One of the thorniest issues dividing nations at the Lima climate talks involves the looming costs of adapting to global warming. For poorer countries, climate assistance from rich nations that caused most of the problem is a prerequisite for a deal.
Now, a new report by the United Nations Environment Programme says the costs of adaptation will likely run at least two or three times more than previously estimated, and as much as four or five times more.
The current estimate of between $70 billion and $100 billion a year is "likely to be a significant underestimate, particularly in the years 2030 and beyond," said The Adaptation Gap Report: A Preliminary Assessment.
By 2050, the report said, "costs of adaptation are plausibly four to five times higher than current estimates," which were developed by the World Bank.
That means if the world's nations are to commit to both mitigation (cutting emissions to stop climate change) and adaptation, the bill could easily run into trillions of dollars over the years.
It's harder to estimate the uncertain costs of future adaption than to project mitigation spending, the authors said. The previous adaptation estimates did not completely cover all the many sectors that are vulnerable to the risks of a rapidly changing climate. The new estimates tried to do better by going country by country to see what is already expected.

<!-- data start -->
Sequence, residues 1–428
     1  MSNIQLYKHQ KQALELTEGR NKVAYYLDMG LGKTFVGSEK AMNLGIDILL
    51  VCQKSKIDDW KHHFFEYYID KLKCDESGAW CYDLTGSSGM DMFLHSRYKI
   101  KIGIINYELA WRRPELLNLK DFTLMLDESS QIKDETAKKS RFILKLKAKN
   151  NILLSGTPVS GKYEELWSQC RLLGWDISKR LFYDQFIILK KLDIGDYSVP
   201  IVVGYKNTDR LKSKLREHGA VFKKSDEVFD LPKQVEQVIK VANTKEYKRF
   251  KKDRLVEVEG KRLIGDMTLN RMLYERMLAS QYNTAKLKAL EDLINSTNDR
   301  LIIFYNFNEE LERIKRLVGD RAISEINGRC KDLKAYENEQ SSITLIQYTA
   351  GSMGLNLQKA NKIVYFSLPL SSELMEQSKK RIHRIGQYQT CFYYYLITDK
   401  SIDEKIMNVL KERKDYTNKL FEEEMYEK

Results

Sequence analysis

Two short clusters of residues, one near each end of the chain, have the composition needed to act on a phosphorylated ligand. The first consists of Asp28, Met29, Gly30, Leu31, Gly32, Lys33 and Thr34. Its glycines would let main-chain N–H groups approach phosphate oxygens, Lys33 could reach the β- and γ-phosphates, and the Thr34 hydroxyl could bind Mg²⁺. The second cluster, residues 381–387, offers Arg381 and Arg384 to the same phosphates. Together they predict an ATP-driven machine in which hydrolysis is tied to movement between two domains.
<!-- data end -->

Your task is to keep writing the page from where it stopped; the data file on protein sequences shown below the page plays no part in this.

Also, the old estimates used rosier assumptions. They didn't factor in that unless emissions are reined in sharply, the world will be destined to hit 4 degrees Celsius of warming in the coming century, rather than the 2-degree target that negotiators are seeking to achieve.
The slower the cuts in carbon emissions, the faster the costs of dealing with global warming impacts will rise, the report said.
"Ambitious and immediate mitigation action is the best insurance against an insurmountable adaptation gap," it said.
At present, the world's governments and their global financial institutions are spending at least $25 billion a year—and probably more that goes uncounted—on early adaptation efforts, it said.
There's a major effort underway at the Lima talks to beef up the Green Climate Fund, which has just received initial commitments of about $10 billion. It is meant to be investing $100 billion a year by 2020 on mitigation and adaptation together.
If UNEP's assessment of future costs proves correct, a lot more than that will be needed.